LOS ANGELES - On June 26, the Glendale City Council, after hearing testimony in previous weeks from the ACLU and others, voted 4 in favor, 0 opposed, and 1 abstaining to add comprehensive protections against discrimination in the use of its Community Development Block Grant (CDBG) funds -- protections that prevent discrimination on the basis of sexual orientation, gender identity, domestic partner status, pregnancy and parenthood, and AIDS/HIV status. The new law would prevent any organization that practices discrimination against anyone on these bases, such as the Boy Scouts of America, from receiving such funds.

"Last night's vote was a real victory for fairness in Glendale," said Martha Matthews, the ACLU of Southern California's David Bohnett staff attorney, a position funded by the Bohnett Foundation to advance the civil rights for lesbian, gay, bisexual, and transgender people. "The Glendale City Council made the right decision, guided by their own instincts for fairness and the leadership of the League of Women Voters and the Human Relations Commission."

Cities use federal CDBG funds to provide education and job training programs, to assist small businesses, to provide services for youth, seniors and the disabled, to implement anti-crime programs, and more. Cities distribute their CDBG funds as sub-grants to non-profit organizations. Glendale receives about one million dollars per year in CDBG funds.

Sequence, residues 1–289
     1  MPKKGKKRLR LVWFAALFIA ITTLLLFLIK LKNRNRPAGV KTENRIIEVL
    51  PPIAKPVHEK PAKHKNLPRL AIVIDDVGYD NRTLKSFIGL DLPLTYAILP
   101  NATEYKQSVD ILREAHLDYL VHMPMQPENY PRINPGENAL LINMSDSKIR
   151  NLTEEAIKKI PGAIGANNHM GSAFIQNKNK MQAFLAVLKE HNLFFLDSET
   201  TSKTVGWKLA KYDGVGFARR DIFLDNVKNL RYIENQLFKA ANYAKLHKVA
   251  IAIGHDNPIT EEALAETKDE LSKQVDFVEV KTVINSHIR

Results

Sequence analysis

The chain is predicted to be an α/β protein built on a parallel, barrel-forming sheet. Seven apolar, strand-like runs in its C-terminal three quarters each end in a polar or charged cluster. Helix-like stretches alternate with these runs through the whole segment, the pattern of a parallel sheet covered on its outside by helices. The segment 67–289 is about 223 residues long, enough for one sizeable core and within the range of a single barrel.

Federal law already requires that CDBG grant recipients cannot discriminate on the basis of race, color, national origin, religion, sex or disability in providing services. In addition, under California law, CDBG grant recipients cannot discriminate in employment, on the basis of all these categories plus marital status, age, and sexual orientation.

"This overlap of federal and state law creates different standards for services and employment, which could lead to unfair results," said Matthews. "For example, under current law, an after-school sports program could not refuse to hire a coach because he was gay, but could legally exclude gay youth from participating in the program."

The new protections added last night would ensure that the same non-discrimination protections apply to services as to employment and adds new categories not covered by current law: gender identity, domestic partner status, pregnancy and parenthood, and AIDS/HIV status. Only two other cities, Los Angeles and San Francisco, have extended the non-discrimination requirements for CDBG grants beyond what is required by federal and state law.

The Glendale Human Relations Coalition drafted the proposed policy last fall. After an initial rejection by the City Council, the League of Women Voters held a community forum to study the issue and presented a report to the City Council on May 8. ACLU staff attorney Martha Matthews advised these community groups, and testified at a May 15 hearing. All three organizations view the new policy'the first non-discrimination ordinance adopted by the city of Glendale--as a major step forward for the city.

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